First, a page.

Monday, May 26, 2014

Overseas Teaching Jobs Every Monday!

Well, here it is Monday again and I've got the latest teaching jobs for you:

Argentina[1], Australia[1], Azerbaijan[1], Brunei[1], Bulgaria[2], Cambodia[1], Chile[1], China[59], Czech Republic[2], East Timor[1], Ecuador[1], Egypt[1], France[1], Germany[3], Hong Kong[7], Indonesia[8], Italy[15], Japan[4], Kazakhstan[4], Kuwait[1], Libya[1], Malaysia[2], Myanmar[2], Poland[5], Portugal[1], Russian Federation[22], Saudi Arabia[15], Singapore[1], Slovakia[2], South Korea[5], Spain[41], Taiwan[1], Thailand[2], Tunisia[1], Turkey[5], United Kingdom[166], United States[2], Vietnam[5], Worldwide[16]

You can always find these on our website, too at Teaching jobs

Many people would like to teach but don't have a college / university degree. The problem is not always the schools but the immigration and labour laws of the countries. Take Thailand for example. Never mind the political problems they are having right now. It is still a great place to teach. Officially, you need a degree to teach in Thailand and rightly so. The country has a right to see that teachers are well-educated and appropriately trained. That is why our TESOL Certificate Course is so well received around the world.

First, your education credentials need to be approved by the Ministry of Education. They then issue a document to the Police Immigration Authority who issue you a temporary visa. You must then go to the Ministry of Labour to obtain a work permit.
When you have that, you go back to the Immigration office and they replace the temporary visa with a one-year visa. 

Of course, if the school that hires you has several or more foreign teachers, they will likely have a person who does all the running around for you...although the first time you go through the process, the authorities want to 'see your face' so you must go along. It is much easier the second time around and as I said earlier, Thailand is a wonderful place to teach generally. Stay away from the southern most provinces where there is unrest.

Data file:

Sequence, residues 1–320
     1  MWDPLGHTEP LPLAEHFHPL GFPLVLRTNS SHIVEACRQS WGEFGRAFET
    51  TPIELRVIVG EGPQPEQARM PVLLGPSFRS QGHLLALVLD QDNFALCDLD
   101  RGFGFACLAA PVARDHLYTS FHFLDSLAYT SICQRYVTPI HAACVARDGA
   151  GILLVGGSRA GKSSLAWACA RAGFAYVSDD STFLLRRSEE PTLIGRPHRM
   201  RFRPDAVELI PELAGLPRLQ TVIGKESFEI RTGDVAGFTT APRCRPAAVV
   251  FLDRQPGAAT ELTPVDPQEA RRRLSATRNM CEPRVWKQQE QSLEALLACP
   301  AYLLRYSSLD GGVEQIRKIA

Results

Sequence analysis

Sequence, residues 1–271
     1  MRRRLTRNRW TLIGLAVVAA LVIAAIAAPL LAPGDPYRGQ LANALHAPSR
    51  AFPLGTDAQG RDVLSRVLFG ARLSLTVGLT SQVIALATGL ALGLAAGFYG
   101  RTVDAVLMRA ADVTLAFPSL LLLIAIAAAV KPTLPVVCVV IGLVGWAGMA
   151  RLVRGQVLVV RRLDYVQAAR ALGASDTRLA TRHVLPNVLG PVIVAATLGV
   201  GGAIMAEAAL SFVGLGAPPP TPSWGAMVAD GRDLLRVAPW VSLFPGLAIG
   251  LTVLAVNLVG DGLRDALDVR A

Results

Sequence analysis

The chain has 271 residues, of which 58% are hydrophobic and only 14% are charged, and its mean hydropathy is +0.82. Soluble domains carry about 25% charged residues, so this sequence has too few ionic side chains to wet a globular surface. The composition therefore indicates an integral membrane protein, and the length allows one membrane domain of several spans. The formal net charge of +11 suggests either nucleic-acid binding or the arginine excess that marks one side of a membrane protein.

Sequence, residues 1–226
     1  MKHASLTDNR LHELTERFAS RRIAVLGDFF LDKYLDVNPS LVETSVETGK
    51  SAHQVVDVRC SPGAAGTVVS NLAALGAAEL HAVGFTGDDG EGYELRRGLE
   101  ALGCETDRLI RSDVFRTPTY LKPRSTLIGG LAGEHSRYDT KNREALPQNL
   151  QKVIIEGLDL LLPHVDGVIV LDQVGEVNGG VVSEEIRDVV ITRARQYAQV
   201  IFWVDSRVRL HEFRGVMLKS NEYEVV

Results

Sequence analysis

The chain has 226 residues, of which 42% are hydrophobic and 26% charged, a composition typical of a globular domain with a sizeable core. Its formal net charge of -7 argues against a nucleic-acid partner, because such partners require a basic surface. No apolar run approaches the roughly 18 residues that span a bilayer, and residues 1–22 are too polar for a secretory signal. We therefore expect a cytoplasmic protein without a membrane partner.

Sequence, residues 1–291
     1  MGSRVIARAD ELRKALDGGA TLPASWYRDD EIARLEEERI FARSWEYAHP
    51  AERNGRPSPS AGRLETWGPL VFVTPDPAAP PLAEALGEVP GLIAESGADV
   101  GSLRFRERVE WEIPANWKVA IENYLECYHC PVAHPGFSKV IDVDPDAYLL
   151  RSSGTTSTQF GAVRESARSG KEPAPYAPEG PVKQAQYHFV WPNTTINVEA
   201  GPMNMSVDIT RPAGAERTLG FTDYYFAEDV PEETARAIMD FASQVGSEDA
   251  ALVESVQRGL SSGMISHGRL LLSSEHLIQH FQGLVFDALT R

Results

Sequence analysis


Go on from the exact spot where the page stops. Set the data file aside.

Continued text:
You can secure a teaching position in Thailand by following one of these methods:

1) Preferred method: Apply for teaching positions from your home country. Once a school indicates that it wants to hire you, they need to send you a letter so stating. You take that to the nearest Thai embassy or consulate with your passport and ask for a Non-Immigrant 'B' Visa. You must be ready to go because you will have three months to activate the visa or it becomes void.

The 'B' type is important because this allows you to work while your documents are being processed after arriving in Thailand. The one drawback with this method is that you don't get to see the school ahead of time but perhaps they can send you pictures or have a website you can visit.

A good reason to apply this way is that being hired from a foreign country, you can ask the school to include return airfare in your contract. They may agree to reimburse you for your travel. It may be payable after completion of several months or at the end of your contract. You can then negotiate the same deal for the following year if you stay with the school. Some schools may only agree to pay this every second year.

2) Alternate method:  You could travel to Thailand on a 30-day tourist visa, find a school and apply from within the country. This lets you see the school; meet the school officials; see the environment; meet the students and even talk with other foreign teachers. If hired, you would then have to leave the country with documentation from the school and go to the Thai Embassy in Vientiane, Laos to have your tourist visa exchanged for the Non-Immigrant 'B' visa. People often travel there on the weekend, go to the embassy Monday, pick up their visa Tuesday and return. There are a number of tour operators specializing in 'visa runs'. But this requires overnight travel in a van. If you are okay with that, fine. Otherwise, LAO Air flies from Bangkok to Vientiane every day. A problem with applying from within the country is that the school will consider you a 'local hire' and thus be reluctant to pay your return airfare.

IMPORTANT NOTE: Thailand and South Korea are two countries that require you to bring your original documents (diplomas and degrees). Photocopies will not suffice. South Korea accepts copied made and certified  in their overseas embassies. Thailand does not. 

Thailand also requires a letter from your local police stating that you do not have any outstanding warrants. Too many bad guys and gals have chosen Thailand as a place to hide out from authorities in their own countries. Fingerprinting of all tourists and other foreigners arriving in Thailand has just been instituted at the borders. Never mind - still a fantastic place to teach, learn and get in some serious beach time!

Don't have a degree? Click here!

Dr. Robert

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